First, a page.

As I understand it, in Canada (unlike the US) there is some freedom in how much depreciation expense you can claim for a rental property every year, from 0 all the way up to 4% of the yet-undepreciated cost (except land cost).

Assuming that I have a stable income, and that the property also produces a stable net positive income (above the max. depreciation amount), am I correct that it's basically always worth it to deduct the maximum allowed depreciation?

Here's my reasoning: If I deduct depreciation, it essentially reduces my net income, so I'm saving the marginal tax rate. However, it reduces the cost basis for the property, so when I eventually sell it, I will pay more in capital gains tax. However, since it's capital gains and not income, it will only be 50% of the marginal tax rate.

So, it seems like overall I'd be saving 50% of the marginal rate by deducting the depreciation. (I am assuming stable income, i.e. my marginal tax rate won't change between now and when I sell the property). And there's also the time value of money: I'd be getting the income deduction now, and the extra capital gains tax would be payable potentially many years down the line.

This seems too good to be true... Am I missing something in how this works? Or is it really overwhelmingly worth it to deduct depreciation?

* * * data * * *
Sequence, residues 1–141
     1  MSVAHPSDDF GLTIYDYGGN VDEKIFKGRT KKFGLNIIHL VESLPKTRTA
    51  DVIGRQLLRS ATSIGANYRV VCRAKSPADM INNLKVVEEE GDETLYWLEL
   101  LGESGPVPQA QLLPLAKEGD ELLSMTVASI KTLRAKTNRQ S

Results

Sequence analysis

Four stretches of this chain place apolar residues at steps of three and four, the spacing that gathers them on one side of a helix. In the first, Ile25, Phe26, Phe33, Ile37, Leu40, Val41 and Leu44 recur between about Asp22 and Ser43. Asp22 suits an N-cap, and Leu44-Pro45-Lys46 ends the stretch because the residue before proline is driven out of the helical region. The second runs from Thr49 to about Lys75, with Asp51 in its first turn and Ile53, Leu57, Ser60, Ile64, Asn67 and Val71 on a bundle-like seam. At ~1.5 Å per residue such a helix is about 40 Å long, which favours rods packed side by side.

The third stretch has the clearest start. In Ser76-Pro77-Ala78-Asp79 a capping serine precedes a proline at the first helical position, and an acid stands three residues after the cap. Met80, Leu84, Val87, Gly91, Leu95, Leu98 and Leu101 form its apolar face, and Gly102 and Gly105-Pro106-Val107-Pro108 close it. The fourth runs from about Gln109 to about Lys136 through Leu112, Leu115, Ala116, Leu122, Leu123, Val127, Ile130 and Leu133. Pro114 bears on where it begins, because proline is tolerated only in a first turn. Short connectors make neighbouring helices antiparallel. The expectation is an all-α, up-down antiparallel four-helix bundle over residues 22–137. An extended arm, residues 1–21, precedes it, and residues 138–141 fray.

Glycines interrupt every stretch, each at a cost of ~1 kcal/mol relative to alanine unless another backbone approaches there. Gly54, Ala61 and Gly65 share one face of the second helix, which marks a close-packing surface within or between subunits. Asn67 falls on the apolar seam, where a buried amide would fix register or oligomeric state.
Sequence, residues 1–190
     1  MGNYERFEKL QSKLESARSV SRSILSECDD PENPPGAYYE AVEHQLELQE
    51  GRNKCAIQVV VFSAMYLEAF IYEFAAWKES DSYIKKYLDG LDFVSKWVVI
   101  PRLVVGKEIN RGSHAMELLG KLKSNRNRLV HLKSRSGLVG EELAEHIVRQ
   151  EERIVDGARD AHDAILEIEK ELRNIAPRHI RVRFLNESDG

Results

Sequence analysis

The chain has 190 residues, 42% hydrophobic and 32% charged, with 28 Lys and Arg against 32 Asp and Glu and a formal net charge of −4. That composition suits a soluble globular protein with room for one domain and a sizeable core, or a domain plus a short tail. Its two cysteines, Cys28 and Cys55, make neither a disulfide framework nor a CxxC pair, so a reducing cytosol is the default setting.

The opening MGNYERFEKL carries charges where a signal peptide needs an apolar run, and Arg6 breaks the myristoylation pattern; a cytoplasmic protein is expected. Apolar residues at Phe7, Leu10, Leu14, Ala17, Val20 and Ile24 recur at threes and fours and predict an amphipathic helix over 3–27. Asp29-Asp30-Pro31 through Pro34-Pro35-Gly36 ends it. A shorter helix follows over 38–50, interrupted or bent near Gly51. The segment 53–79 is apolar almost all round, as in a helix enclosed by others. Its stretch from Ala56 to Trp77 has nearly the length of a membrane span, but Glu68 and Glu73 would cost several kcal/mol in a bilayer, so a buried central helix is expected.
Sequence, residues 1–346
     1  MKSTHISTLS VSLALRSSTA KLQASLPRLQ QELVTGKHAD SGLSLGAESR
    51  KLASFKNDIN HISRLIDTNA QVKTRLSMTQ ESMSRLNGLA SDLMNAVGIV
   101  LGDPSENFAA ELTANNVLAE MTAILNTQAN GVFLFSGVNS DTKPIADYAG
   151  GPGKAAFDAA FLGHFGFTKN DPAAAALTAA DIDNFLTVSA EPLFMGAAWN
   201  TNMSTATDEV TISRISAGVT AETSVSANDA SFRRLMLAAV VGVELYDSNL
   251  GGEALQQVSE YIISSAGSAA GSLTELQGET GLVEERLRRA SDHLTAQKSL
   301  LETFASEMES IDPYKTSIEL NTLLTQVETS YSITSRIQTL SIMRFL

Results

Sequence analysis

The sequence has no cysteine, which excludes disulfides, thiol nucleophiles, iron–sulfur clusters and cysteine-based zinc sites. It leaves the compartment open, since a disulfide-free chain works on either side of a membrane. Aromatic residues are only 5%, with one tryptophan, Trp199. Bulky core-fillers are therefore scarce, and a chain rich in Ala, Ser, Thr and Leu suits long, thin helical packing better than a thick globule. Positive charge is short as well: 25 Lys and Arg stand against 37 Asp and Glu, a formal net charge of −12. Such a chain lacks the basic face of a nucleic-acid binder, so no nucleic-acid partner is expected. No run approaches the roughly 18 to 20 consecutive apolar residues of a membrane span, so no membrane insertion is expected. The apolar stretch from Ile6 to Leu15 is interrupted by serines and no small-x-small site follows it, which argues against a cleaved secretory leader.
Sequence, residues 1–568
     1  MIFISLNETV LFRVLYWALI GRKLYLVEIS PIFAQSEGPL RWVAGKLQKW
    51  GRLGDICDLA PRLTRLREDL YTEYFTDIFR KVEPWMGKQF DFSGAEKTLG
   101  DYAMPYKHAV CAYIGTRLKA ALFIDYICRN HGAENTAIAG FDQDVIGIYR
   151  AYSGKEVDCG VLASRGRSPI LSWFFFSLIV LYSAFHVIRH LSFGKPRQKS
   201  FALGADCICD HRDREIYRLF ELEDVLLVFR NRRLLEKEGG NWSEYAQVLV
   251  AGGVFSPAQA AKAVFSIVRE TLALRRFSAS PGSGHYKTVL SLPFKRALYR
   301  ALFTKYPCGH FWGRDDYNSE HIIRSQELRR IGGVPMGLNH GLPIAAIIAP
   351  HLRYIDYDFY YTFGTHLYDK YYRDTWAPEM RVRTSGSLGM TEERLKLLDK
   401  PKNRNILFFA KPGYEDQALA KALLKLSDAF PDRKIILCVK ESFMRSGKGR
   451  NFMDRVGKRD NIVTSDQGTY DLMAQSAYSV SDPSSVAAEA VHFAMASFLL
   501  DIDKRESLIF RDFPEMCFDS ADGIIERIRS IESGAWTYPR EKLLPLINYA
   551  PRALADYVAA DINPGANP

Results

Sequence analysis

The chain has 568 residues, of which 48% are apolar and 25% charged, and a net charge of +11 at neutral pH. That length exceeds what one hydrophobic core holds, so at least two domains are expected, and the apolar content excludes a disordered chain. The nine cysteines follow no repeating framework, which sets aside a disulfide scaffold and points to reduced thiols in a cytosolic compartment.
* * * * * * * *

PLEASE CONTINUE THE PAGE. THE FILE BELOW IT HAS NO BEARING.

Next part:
• There is also the possibility that you never sell (die old and give it to your kids); or that you re-invest the sale price immediately into another property. Both make it even better...
    – Aganju
    May 2 at 5:48

1 Answer 1


Yes, it is better to take depreciation most of the time, but not quite as much as you imply. Keep in mind the rules of depreciation in Canada:

  • Depreciation on rental properties reduces your rental income, but cannot create or increase a rental loss - so in years where you may lack tenants for some months and have less income, you may not be able to take much or any depreciation.

  • You cannot 'double-up' on untaken depreciation in future years. You have the ability to claim depreciation up to the fixed level for all combined assets you have in the same depreciation class. So pausing depreciation can't allow future 'catchup'. From a theoretical finance standpoint, if you had this rental property for 20+ years, pausing that tax-refund cash inflow for 1 year is nearly the same as eliminating it forever, given diminishing returns of the time value of money.

  • Taking depreciation [or, 'Capital Cost Allowance' for Canadian tax purposes] does not reduce the 'Adjusted Cost Basis' of an asset for capital gain purposes; instead it reduces the 'undepreciated capital cost' of that asset. When you sell the property down the road, if it is for more than your original purchase price [net other adjustments], you will pay the same capital gain amount regardless of how much depreciation ('CCA') you took. So, this does not 'convert' fully-allowed deductions into half-taxable capital gains.

  • When you sell your rental property, you will take additional income in that future year called 'recapture', which is basically the sum total of all historical depreciation taken, up to either the original price or the final sale price.